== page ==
Novel radioligand therapy shows promise in metastatic prostate cancer
New data suggests 225Ac-PSMA-617 radioligand therapy could improve overall survival in metastatic prostate cancer patients.
In a recent study a novel prostate cancer treatment, 225Ac-PSMA-617 radioligand therapy, increased progression free survival (PFS) and overall survival (OS) in metastatic castration-resistant prostate cancer (mCRPC) patients.
While the five-year survival rate of localised prostate cancer is nearly 100 percent, for mCRPC patients it is only 30 percent. Clinical studies have demonstrated the efficacy and safety of several therapies, including 177Lu-PSMA in the post- androgen deprivation therapy (ADT) setting in patients with mCRPC. Additional therapies, such as 225Ac-PSMA-617, are often considered once the disease begins to progress again.
The retrospective study included 53 patients who received 225Ac-PSMA-617 directly following ADT therapy. Molecular imaging with 68Ga-PSMA PET/CT was obtained at baseline, before every treatment cycle and on follow-up for select patients to determine how much 225Ac-PSMA-617 to administer and for response assessment. Patients’ PSA levels were also obtained to assess response.
The results, published in the Journal of Nuclear Medicine, show 96 percent of patients had a reduction in their initial prostate specific antigen (PSA) value after treatment with 225Ac-PSMA-617, with 91 percent (48 patients) experiencing a greater than 50 percent reduction. Additionally, PET imaging became negative (showing no signs of disease) in 30 patients.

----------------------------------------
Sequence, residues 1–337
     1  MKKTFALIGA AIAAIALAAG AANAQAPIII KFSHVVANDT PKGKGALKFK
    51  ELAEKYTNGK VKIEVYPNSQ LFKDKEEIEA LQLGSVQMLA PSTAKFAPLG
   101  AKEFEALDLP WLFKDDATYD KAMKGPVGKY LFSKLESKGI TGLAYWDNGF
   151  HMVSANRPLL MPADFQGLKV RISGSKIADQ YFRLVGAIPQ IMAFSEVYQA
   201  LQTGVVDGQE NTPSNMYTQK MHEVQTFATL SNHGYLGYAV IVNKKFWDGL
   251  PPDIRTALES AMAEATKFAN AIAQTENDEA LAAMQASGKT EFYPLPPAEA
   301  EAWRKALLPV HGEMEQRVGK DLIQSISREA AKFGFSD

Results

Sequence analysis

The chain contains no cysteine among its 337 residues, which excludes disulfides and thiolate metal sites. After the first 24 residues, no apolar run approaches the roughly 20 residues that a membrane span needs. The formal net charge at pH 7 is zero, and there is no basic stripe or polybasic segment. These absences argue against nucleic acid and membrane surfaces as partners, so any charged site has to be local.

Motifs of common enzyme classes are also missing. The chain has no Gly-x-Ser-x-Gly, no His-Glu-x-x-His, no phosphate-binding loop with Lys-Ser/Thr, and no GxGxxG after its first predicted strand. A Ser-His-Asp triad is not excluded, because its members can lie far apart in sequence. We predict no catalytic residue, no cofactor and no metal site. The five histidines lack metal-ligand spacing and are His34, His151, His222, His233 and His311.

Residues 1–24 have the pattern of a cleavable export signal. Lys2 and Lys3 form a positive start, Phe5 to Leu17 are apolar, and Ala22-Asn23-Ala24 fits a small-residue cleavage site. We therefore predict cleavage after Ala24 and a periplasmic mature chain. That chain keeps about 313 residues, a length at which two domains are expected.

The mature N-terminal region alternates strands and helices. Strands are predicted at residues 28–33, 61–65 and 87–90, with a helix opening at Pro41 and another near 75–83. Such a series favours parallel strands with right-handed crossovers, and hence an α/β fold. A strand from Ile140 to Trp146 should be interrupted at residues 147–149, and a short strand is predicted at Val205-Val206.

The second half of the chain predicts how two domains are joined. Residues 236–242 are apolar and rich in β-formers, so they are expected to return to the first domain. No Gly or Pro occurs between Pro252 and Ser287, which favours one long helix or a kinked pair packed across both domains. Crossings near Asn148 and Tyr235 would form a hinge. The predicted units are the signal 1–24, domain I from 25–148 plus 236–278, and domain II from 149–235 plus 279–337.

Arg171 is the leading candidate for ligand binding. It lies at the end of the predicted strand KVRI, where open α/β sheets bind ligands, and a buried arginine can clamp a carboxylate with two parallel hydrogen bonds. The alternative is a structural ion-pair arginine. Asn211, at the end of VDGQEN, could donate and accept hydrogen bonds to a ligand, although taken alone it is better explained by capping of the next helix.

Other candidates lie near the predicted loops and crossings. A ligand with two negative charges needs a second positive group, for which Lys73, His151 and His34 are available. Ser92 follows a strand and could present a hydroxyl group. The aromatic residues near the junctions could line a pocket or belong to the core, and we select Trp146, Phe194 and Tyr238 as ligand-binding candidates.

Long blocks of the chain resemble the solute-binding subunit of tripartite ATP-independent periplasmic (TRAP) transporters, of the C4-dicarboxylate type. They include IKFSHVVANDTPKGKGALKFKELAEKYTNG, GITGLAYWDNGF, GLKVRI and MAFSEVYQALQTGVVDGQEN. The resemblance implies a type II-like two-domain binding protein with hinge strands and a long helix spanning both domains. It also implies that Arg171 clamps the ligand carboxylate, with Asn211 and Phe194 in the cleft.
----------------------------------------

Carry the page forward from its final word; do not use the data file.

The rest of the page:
For the patients with a >50 percent reduction in PSA, median estimated OS was not reached at the conclusion of the study at 55 months, for those with a <50 percent decline, estimated OS was nine months. Estimated median PFS for patients with a PSA decline >50 percent was 22 months whereas that for patients with a PSA decline <50 percent was four months.
No severe of hepatotoxicity was noted and only 3 patients had grade III-IV nephrotoxicity. The most common toxicity seen was grade I-II xerostomia observed in 81 percent of patients.
“Previous research has shown a remarkable therapeutic efficacy of 225Ac-PSMA-617 in heavily pre-treated mCRPC patients, as demonstrated by the initial work from Kratochwil et al. from Germany,” explained Mike Sathekge, professor and head of the Nuclear Medicine Department at the University of Pretoria and Steve Biko Academic Hospital in Pretoria, South Africa. “In this study we sought to compare 225Ac-PSMA-617 to other common post-ADT treatments, such as chemotherapy, enzalutamide and abiraterone acetate or docetaxel, administered in a comparable setting.”
He added: “It is clear that 225Ac-PSMA-617 is an effective treatment for men with mCRPC. This radioligand therapy may be a viable treatment option, especially if standard of care options are not available or are contraindicated. Since 225Ac-PSMA-617 has few treatment-related toxicities (notably xerostomia), it could also prove helpful in low middle income countries where patients are more likely to refuse chemotherapy or the current standard of care due to fear of side effects.”
The authors of the study concluded that the results suggest a prospective randomised study comparing 225Ac-PSMA-617 to current standard of care treatment options, such as enzalutamide, abiraterone acetate and docetaxel, post-ADT is of major clinical relevance.